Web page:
From School Library Journal
Grade 4-6 With three new cases, Saxby proves to be the go-to kid for solving mysteries. The boy relies heavily on the power of observation and drawing logical conclusions to find a missing comic worth $100,000 and a treasure in an old house that's about to be demolished and discover who has broken into six children's houses, all in the same teacher's classroom. His faithful friends Izzy and Muddy are wonderful sidekicks who go beyond Saxby's observations with outside investigation and research. The cases can be solved by readers, and the questions posed throughout the text make sure that they are following the clues. Expressive black-and-white cartoons are scattered throughout. Saxby will appeal to mystery fanatics and fans of Nancy Drew, the Hardy Boys, and Encyclopedia Brown. Delia Carruthers, Roxbury Public Library, Succasunna, NJ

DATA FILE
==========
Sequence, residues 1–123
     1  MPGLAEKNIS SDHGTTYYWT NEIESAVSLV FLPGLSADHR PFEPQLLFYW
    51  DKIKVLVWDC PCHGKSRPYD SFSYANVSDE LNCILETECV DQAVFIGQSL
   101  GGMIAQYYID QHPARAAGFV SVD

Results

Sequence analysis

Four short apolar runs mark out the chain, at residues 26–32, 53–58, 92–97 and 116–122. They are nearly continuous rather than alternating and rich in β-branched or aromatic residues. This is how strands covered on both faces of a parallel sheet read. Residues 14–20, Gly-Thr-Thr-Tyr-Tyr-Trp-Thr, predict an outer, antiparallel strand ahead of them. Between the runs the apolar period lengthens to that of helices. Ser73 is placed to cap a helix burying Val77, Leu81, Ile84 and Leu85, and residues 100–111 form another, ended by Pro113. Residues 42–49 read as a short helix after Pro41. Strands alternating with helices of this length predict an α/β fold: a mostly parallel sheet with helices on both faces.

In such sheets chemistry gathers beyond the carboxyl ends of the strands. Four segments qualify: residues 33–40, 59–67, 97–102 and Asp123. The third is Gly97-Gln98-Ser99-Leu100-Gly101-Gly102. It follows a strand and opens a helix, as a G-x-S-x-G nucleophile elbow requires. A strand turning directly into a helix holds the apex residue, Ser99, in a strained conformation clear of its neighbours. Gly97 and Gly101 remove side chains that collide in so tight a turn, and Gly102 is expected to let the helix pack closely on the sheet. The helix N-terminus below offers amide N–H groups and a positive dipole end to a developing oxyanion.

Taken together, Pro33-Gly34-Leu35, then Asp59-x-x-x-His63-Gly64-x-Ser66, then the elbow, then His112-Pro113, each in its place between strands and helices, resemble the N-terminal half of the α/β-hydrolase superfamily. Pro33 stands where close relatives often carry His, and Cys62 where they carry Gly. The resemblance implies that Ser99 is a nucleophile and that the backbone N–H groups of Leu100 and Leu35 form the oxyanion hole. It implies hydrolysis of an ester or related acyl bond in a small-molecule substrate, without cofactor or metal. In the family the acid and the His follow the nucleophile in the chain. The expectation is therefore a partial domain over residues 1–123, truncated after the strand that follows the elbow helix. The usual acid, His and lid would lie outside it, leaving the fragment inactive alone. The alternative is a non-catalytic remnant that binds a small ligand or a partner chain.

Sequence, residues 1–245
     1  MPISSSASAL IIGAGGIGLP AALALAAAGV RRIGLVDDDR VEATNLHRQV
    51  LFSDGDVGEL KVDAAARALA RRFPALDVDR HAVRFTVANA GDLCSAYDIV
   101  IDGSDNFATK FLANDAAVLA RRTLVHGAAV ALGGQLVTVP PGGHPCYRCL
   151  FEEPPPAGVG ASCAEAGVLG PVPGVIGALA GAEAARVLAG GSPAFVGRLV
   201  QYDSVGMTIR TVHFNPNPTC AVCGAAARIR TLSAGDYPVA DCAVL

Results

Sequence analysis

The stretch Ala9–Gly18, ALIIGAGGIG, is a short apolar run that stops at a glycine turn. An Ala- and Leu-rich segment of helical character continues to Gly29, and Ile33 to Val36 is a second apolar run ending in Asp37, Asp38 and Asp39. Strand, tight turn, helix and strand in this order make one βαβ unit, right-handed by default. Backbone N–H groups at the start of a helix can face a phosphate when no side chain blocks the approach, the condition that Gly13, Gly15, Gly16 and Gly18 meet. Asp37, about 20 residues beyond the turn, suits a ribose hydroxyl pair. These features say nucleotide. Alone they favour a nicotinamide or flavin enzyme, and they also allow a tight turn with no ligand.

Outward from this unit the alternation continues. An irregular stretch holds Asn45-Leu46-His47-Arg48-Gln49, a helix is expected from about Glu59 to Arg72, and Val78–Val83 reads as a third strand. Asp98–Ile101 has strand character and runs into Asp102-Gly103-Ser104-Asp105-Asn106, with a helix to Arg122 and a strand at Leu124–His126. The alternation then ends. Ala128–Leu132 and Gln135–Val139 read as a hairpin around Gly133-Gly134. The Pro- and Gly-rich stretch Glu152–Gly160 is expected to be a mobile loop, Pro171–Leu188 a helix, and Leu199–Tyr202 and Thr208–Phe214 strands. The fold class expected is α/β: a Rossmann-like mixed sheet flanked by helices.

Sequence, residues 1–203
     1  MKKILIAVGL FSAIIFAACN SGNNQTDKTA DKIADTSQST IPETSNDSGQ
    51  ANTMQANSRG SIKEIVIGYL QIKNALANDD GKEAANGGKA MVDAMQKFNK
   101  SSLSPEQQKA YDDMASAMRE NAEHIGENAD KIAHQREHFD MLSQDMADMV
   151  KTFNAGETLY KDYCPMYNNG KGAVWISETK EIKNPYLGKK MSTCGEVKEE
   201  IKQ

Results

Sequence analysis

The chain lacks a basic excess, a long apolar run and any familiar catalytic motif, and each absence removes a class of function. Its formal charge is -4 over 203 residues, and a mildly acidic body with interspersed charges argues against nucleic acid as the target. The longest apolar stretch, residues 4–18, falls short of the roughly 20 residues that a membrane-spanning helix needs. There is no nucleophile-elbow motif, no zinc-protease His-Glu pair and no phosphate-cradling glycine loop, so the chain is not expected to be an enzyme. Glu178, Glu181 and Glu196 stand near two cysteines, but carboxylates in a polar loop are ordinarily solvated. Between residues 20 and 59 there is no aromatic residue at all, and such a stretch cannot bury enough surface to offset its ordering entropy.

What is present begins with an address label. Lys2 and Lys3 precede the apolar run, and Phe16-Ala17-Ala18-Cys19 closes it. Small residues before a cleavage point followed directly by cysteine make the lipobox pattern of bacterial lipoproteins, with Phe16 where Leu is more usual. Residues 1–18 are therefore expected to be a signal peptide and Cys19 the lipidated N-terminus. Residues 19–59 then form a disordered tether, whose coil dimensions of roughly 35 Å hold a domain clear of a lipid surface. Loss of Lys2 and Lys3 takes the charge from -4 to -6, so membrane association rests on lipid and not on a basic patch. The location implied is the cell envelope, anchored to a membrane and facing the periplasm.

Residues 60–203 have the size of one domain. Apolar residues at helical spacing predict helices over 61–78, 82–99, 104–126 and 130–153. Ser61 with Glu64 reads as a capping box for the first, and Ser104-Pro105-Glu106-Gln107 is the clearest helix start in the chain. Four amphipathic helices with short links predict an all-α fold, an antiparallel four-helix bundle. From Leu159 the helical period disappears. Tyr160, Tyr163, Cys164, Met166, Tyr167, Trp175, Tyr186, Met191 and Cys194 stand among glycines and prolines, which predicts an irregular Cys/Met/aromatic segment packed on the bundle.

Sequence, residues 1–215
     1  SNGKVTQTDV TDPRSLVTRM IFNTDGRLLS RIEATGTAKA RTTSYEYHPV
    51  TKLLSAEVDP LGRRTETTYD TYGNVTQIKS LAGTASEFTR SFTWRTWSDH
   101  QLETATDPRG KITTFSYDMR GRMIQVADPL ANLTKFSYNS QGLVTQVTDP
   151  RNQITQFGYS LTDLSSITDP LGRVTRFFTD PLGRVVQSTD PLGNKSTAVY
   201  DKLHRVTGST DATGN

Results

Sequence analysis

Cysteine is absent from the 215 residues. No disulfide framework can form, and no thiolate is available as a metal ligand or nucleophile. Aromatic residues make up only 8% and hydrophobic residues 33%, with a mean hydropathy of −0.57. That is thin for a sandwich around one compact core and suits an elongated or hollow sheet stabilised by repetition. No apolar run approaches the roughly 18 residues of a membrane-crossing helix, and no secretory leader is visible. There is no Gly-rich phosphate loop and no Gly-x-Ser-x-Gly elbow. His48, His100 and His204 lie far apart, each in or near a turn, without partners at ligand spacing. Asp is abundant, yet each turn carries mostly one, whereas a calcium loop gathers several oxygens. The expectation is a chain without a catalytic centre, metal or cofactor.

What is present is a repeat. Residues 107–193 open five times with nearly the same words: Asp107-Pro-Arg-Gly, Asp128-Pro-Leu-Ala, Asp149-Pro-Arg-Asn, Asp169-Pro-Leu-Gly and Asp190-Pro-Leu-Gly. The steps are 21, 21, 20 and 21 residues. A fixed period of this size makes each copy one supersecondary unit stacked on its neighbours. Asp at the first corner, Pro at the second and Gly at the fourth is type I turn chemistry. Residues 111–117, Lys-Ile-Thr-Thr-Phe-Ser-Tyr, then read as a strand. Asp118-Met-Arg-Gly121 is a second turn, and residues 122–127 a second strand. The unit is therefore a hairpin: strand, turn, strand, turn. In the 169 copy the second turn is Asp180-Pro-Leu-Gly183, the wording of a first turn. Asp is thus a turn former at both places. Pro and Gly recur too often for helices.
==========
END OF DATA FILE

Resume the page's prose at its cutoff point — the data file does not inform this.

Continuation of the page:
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*Starred Review* The canny preteen sleuth introduced in The Curse of the Ancient Mask and Other Case Files (2009) returns for three more unusually meaty mysteries—all solved with a combination of sharp observation and sharper deductive logic—in this second book in the Saxby Smart, Private Detective series. Not for Saxby are the stolen bikes and petty extortions of your typical neighborhood sleuth. The clients who come to his backyard shed bring more substantial fare: a collector reports that one of the most valuable comic books in the world has disappeared from his locked vault; a coded 150-year-old treasure map has been found in a house renovation; and third, and most puzzling of all, several students in the same class report feelings, but no hard evidence, that an intruder has been in their houses. In a matter-of-fact narrative enhanced by plenty of Alley's informally drawn spot art and pages of “handwritten” case notes, Saxby lays out the course of each investigation (pausing occasionally to ask questions of readers to see if they've been paying attention) and the clues that lead to nabbing a crooked comics dealer, digging up a journal that sheds significant new light on an ugly incident in town history, and catching slick identity thieves in the act. Outstanding fare for young armchair Sherlocks. Grades 4-7. --John Peters